Monday, September 6, 2010

Obama Knows Transportation

In a Labor Day speech today in Milwaukee, Wisconsin, President Obama called upon Congress to dump $50 billion (yes, again with a 'B') into transportation. There are two issues that I must point out.

The first is the Keynesian business that government spending spurs the economy. If that were the case, then why stop at $50 billion? Obama's plan includes rebuilding 150,000 miles of roadway and 4,000 miles of rail. The rail, he says, will be 'paid for' and will not add to the deficit. I am here to tell you, that if the government knows anything, it is the transportation business.

Which brings me to my second point. The U.S. Government look no further than Amtrak, Uncle Sam's very own passenger rail company. If we take a quick glance at the Amtrak consolidated financial statements from 2008 and 2009 we will see just how good at business it really is. In 2008, Amtrak posted a net loss of $1.13 billion dollars. Not to be outdone, Amtrak lost $1.264 billion in 2009. According to SubsidyScope, Amtrak loss money on 41 of its 44 routes in 2008; ranging anywhere from $5 to $462 per passenger.

But, Doug, you say, surely this is a sign of the times. Amtrak is suffering from the economy like every other business. That may be true, but according to the summary of a Department of Transportation Inspector General's report from 2001:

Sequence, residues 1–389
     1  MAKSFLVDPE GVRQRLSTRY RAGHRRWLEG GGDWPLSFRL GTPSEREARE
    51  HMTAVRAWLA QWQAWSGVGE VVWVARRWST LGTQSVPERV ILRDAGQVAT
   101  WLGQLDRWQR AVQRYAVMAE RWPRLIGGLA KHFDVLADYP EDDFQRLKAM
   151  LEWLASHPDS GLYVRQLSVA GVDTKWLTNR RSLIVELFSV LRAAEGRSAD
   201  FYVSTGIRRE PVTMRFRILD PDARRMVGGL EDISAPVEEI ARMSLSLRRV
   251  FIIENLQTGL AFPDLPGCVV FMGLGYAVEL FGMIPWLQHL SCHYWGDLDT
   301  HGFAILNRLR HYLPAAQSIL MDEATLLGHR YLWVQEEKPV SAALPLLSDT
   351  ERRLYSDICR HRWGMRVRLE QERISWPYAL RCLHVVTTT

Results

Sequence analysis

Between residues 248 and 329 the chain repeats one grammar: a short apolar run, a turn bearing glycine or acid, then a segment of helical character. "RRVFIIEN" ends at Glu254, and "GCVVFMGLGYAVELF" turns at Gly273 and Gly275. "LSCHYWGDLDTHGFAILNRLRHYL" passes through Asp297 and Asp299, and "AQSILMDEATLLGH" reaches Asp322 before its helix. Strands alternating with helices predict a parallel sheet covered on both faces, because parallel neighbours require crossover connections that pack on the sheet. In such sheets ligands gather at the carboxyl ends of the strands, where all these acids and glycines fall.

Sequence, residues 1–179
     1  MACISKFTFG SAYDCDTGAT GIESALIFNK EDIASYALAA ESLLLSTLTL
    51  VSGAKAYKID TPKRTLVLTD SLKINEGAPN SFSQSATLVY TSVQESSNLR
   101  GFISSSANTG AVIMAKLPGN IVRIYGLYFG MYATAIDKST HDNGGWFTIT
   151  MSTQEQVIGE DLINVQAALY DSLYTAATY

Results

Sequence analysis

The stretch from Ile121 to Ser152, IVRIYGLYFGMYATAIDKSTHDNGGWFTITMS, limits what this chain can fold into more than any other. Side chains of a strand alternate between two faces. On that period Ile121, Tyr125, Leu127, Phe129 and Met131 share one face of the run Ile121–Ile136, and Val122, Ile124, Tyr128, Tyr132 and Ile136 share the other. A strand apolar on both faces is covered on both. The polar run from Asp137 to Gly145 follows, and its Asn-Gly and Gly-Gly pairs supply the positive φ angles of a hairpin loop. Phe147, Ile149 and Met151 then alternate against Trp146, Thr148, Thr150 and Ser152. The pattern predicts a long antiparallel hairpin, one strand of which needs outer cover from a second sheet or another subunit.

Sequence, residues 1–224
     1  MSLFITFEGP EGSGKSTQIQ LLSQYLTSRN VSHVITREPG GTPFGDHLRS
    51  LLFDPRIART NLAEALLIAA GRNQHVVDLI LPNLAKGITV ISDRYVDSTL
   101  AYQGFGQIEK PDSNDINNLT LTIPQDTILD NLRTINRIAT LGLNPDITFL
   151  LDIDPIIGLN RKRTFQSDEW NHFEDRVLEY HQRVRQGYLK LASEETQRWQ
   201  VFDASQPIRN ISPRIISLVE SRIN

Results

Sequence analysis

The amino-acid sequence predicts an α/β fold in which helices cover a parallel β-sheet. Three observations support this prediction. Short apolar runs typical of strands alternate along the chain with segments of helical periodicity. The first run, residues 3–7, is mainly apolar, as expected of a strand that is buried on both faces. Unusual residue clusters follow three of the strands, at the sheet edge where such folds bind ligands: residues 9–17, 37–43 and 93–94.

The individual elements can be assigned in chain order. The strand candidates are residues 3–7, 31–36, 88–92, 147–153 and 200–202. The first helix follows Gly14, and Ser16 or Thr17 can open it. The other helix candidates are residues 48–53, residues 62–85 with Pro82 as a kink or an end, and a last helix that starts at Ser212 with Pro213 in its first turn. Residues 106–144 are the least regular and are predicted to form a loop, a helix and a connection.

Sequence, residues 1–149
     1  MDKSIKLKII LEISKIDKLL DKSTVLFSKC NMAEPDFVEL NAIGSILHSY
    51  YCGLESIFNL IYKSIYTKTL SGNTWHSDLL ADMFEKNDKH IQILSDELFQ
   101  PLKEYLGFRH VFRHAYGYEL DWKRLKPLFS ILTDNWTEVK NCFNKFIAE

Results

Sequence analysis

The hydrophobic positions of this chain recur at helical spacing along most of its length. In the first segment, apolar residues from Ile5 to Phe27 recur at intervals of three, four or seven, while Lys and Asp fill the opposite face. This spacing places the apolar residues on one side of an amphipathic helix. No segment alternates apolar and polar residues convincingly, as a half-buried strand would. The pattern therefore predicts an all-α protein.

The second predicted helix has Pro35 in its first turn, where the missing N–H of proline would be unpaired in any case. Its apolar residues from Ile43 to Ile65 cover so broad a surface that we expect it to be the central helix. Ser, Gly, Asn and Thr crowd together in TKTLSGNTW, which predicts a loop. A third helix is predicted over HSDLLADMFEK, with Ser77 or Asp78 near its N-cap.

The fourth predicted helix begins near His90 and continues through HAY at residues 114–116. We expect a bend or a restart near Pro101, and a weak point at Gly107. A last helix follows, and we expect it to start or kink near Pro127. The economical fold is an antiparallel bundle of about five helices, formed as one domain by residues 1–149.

1) Amtrak’s financial performance has not met expectations and its ability to meet its self-sufficiency mandate is in serious jeopardy; 2) Amtrak’s efforts to achieve self sufficiency will fail if additional capital is not forthcoming; 3) Amtrak will require substantial Federal appropriations, even after it achieves self-sufficiency
So, for at least the last 10 years, our beloved government has know that Amtrak is a money pit. But, to keep the locomotives running, the U.S. engineers keep shoveling good money into the furnace to make those locomotive engines run.

It looks like a transportation stimulus might not be the best elixir for the economy after all.

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